“Hey, let’s take this conversation offline,” you say.
Sometimes, that means, “This sounds like an interpersonal problem that you two (or we two) need to resolve separately.”
Sometimes it means, “That challenge only affects your teams, so solve it yourself without taking up time for the rest of us.”
And sometimes it means, “This conversation is making me uncomfortable, and I’m not prepared to address it right now.”
Personal issues probably should be resolved privately most of the time.
But as your circle of influence grows, you’ll face a growing number of uncomfortable conversations. A habit of “taking them offline” will get in the way of growing your skills and your relationships. Welcoming challenges to your thinking with gratitude and an open mind will create the psychological safety that lets your team be authentic and vulnerable. It also lets you tap into exponentially more wisdom and insight than you’ll have alone.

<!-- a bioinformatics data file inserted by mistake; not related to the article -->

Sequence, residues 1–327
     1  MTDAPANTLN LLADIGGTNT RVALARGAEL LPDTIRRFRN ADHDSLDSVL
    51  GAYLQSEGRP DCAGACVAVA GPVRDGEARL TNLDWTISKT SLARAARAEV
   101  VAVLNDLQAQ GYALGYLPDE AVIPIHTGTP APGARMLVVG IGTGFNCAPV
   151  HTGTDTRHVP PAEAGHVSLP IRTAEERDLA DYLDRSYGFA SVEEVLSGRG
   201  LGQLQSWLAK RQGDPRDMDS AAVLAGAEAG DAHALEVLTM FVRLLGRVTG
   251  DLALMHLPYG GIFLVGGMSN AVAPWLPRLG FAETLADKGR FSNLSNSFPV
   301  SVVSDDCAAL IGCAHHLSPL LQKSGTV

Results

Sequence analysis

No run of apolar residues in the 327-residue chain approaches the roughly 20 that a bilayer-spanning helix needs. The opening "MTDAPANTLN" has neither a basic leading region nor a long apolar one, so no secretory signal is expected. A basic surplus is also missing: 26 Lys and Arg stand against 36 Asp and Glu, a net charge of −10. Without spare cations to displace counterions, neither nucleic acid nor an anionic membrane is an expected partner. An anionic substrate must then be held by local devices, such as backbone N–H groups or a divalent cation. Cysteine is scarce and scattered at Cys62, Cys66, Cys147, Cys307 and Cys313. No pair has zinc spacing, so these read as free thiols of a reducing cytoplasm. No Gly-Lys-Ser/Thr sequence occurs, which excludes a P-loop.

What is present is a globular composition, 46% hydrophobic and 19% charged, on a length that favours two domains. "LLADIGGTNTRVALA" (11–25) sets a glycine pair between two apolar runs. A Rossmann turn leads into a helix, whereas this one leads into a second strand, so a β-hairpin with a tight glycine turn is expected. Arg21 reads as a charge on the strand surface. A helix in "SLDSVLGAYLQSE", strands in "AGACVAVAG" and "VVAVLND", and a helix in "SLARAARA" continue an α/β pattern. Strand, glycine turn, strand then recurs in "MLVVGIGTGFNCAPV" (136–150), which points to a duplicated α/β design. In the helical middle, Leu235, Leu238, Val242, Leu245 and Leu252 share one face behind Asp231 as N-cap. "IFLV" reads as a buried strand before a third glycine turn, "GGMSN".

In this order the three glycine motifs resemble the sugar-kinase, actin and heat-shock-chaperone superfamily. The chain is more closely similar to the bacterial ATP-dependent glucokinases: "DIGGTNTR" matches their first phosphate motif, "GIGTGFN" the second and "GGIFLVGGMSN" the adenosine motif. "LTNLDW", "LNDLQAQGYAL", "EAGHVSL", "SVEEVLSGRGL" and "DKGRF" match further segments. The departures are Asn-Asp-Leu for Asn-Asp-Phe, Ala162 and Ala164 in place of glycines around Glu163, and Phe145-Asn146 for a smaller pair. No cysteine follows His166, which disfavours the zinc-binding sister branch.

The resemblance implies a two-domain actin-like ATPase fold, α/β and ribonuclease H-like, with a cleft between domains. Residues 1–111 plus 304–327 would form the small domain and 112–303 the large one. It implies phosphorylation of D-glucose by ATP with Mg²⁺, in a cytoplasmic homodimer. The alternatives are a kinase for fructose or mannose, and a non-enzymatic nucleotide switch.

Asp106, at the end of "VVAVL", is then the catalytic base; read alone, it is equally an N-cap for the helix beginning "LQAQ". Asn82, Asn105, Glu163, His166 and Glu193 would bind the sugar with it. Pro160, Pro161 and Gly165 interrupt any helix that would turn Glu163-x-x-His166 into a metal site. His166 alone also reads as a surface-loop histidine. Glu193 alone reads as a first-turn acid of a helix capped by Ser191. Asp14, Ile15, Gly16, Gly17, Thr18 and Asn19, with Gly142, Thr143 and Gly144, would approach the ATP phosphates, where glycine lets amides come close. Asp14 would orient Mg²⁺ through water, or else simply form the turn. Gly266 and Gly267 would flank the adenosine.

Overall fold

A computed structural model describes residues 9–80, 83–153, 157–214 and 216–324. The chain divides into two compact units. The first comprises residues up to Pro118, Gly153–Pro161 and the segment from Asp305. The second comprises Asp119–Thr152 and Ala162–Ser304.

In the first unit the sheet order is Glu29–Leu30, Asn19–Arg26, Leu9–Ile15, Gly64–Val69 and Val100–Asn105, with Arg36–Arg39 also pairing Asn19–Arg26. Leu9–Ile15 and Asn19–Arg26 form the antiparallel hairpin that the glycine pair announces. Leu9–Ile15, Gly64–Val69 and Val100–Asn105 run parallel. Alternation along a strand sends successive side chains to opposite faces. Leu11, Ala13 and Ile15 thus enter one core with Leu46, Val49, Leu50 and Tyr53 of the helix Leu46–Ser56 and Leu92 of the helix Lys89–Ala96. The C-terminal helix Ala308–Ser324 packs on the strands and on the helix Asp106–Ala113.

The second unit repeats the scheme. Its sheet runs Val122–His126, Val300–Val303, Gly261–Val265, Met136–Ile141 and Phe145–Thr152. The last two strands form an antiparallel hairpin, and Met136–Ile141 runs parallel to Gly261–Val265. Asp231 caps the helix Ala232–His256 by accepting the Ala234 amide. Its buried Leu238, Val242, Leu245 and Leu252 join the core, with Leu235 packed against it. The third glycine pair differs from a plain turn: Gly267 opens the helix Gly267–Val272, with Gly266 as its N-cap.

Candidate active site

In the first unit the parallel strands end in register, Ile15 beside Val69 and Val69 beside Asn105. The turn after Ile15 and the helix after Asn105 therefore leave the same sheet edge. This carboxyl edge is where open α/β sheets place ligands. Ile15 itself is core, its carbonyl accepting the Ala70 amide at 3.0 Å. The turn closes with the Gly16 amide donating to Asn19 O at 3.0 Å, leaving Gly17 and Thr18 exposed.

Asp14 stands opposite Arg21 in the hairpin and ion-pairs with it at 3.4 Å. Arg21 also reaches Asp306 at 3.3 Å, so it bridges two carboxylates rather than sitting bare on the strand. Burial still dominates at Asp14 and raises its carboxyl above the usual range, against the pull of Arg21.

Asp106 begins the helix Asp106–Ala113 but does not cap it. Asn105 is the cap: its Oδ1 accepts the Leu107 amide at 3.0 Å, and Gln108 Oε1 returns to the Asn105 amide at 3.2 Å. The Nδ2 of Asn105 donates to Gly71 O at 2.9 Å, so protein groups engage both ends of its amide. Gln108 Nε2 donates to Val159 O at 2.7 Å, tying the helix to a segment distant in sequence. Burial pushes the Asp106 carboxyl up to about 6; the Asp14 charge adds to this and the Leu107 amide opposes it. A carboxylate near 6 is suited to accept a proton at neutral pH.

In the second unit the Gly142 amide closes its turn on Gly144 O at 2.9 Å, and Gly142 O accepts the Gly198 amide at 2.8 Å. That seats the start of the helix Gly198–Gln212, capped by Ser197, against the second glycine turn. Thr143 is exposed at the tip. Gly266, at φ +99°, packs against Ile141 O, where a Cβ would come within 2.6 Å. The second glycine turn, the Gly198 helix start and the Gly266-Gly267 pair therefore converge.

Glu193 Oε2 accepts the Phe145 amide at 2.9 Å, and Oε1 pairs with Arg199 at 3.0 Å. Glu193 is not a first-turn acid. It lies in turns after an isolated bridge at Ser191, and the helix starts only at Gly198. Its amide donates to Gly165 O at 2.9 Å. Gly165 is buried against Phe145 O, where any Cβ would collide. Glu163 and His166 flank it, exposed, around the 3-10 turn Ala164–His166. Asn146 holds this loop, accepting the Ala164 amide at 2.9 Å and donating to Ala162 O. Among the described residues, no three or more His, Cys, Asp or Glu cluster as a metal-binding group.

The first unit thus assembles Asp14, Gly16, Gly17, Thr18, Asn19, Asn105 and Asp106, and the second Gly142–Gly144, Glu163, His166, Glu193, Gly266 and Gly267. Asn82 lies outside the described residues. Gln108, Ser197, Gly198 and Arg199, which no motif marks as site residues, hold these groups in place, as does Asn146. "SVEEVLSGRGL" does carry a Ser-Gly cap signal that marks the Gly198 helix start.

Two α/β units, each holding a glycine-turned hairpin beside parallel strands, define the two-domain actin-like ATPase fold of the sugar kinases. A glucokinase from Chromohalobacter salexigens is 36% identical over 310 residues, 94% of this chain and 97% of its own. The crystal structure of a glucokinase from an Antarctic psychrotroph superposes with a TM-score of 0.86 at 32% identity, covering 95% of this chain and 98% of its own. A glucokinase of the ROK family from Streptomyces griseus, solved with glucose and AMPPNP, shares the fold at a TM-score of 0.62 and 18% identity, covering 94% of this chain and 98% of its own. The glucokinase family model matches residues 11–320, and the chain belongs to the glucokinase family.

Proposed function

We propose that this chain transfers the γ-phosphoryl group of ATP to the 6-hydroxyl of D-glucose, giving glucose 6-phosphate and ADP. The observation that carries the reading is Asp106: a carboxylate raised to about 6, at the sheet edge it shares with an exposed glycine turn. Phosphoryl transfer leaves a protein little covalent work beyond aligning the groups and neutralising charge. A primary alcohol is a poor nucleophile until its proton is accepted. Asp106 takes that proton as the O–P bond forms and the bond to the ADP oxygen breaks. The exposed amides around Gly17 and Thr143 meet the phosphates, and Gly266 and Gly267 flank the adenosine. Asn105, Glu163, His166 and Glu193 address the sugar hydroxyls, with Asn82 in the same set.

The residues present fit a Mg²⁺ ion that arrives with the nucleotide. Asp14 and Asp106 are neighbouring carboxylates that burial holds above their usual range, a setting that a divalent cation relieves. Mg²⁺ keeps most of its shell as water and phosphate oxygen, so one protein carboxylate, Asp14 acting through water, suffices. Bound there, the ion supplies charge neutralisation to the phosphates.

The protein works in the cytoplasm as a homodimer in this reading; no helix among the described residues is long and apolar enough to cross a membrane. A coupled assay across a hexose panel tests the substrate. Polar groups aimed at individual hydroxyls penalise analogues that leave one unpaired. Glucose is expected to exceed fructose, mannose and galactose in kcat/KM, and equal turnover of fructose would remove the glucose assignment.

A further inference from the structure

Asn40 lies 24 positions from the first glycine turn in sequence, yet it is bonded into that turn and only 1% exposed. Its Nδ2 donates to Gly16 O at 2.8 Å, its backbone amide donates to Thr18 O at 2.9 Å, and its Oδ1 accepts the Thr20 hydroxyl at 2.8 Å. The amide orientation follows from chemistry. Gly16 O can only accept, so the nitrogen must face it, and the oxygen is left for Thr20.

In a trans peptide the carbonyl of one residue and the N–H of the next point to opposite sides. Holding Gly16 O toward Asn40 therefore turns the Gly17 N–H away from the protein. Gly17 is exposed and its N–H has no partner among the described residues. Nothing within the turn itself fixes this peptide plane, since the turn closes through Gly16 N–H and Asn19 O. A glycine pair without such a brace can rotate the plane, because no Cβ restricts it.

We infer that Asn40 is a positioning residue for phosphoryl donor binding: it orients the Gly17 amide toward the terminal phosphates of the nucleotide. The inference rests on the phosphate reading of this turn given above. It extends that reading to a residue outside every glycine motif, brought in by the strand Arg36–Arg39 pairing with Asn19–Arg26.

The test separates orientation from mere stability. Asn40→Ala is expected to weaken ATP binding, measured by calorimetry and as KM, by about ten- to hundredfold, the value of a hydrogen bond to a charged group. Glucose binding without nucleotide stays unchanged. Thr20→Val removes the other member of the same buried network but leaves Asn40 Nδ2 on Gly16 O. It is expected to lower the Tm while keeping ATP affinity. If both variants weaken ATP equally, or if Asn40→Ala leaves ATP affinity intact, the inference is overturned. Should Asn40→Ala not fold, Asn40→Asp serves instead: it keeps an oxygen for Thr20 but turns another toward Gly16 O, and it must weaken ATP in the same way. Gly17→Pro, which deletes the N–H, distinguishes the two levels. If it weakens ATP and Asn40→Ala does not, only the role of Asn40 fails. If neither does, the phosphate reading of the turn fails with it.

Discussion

And as your responsibilities continue to grow, you’ll encounter ideological conflict between two of your team members who both believe they are speaking in the best interest of the company and their teams. It’s tempting to send those conversations offline as well. But here’s what can happen if you invite them to continue:
1️⃣ Both sides get the benefit of broad perspective when their colleagues speak up. Most conflicts like this have invisible ripple effects that they won’t uncover in a private conversation.
2️⃣ You get the chance to monitor the conversation to ensure it doesn’t devolve into an interpersonal conflict with ad hominem attacks.
3️⃣ The rest of the team gets an opportunity to observe how to reach a win-win conclusion.
4️⃣ You reinforce the importance of revealing when this kind of conflict exists. Hiding, ignoring, or denying ideological conflict only amplifies miscommunication. By inviting public and immediate exploration and resolution, you encourage your team to create a culture of openness and trust.
Next time you want to say, “Let’s take this offline”, take a silent moment or two to consider what value may come of allowing that conflict to work to resolution.